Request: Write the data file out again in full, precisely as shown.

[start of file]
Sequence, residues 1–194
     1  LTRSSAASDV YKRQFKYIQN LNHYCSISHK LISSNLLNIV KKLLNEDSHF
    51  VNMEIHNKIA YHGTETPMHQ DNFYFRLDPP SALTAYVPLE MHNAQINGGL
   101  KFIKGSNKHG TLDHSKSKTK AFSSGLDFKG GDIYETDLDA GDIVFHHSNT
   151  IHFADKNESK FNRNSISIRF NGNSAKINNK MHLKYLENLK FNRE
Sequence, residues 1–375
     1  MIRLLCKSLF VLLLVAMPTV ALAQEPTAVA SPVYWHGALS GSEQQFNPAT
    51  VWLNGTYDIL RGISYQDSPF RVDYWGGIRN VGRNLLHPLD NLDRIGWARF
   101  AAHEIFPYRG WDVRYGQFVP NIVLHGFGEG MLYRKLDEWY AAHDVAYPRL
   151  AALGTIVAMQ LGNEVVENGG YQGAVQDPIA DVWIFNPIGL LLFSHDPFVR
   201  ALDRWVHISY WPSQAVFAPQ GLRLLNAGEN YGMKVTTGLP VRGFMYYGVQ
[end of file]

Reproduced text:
Sequence, residues 1–194
     1  LTRSSAASDV YKRQFKYIQN LNHYCSISHK LISSNLLNIV KKLLNEDSHF
    51  VNMEIHNKIA YHGTETPMHQ DNFYFRLDPP SALTAYVPLE MHNAQINGGL
   101  KFIKGSNKHG TLDHSKSKTK AFSSGLDFKG GDIYETDLDA GDIVFHHSNT
   151  IHFADKNESK FNRNSISIRF NGNSAKINNK MHLKYLENLK FNRE
Sequence, residues 1–375
     1  MIRLLCKSLF VLLLVAMPTV ALAQEPTAVA SPVYWHGALS GSEQQFNPAT
    51  VWLNGTYDIL RGISYQDSPF RVDYWGGIRN VGRNLLHPLD NLDRIGWARF
   101  AAHEIFPYRG WDVRYGQFVP NIVLHGFGEG MLYRKLDEWY AAHDVAYPRL
   151  AALGTIVAMQ LGNEVVENGG YQGAVQDPIA DVWIFNPIGL LLFSHDPFVR
   201  ALDRWVHISY WPSQAVFAPQ GLRLLNAGEN YGMKVTTGLP VRGFMYYGVQ